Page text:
Abandoning Illusions, Confronting Biases: What Behavioural Economics Tells Us About Strategies to Improve Health Care
After a century or so of social science dominance, neoclassical economists’ claims about what motivates people and what makes systems work have been knocked off their pedestal. In the past 30 years, behavioural economics has challenged the rationalist, income-maximizing assumptions of standard economic theory. It turns out we are a species with hard-wired cognitive biases, multiple reasoning strategies and inconsistent preferences. Our decisions can be nudged by how choices are framed. We are part Mr. Spock and part Homer Simpson.
Join the Centre for Clinical Epidemiology and Evaluation (C2E2) for the 2017 C2E2 Annual Lecture: The insights of behavioural economics show us that the mystery of why so much good evidence and so many incentives have failed to improve safety, quality and efficiency is no mystery at all. This presentation will explore policies doomed to failure and suggest potentially more successful options based on an expanded view of rationality and a more nuanced understanding of what makes people tick.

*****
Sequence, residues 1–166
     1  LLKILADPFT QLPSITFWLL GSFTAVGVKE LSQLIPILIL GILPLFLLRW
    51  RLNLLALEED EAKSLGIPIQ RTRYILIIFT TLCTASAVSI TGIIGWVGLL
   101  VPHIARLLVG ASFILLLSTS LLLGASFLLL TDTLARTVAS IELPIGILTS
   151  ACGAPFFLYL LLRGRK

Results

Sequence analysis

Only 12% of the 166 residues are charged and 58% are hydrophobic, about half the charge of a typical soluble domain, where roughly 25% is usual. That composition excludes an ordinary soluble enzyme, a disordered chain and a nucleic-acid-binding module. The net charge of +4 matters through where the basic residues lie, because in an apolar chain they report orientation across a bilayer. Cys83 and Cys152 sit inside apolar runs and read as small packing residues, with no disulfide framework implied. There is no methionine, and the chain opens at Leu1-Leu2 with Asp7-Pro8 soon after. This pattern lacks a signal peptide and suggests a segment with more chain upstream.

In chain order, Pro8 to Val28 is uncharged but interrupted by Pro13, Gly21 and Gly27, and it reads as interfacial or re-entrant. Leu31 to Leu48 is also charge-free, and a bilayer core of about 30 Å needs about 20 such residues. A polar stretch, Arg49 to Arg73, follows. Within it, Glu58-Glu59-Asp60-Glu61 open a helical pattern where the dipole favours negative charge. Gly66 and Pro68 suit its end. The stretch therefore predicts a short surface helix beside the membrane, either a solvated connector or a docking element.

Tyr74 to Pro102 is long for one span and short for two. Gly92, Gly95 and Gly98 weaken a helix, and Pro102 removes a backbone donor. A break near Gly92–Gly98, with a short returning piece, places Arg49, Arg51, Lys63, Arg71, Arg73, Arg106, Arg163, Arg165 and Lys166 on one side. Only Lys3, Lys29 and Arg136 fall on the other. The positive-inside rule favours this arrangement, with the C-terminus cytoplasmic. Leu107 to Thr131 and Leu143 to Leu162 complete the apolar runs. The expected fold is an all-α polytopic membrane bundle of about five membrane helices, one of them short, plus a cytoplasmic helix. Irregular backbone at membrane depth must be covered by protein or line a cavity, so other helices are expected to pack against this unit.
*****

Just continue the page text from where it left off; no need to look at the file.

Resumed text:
Steven Lewis is a health policy and research consultant based in Saskatoon, and Adjunct Professor of Health Policy at Simon Fraser University. Prior to resuming a full-time consulting practice he headed a health research granting agency and spent seven years as CEO of the Health Services Utilization and Commission in Saskatchewan.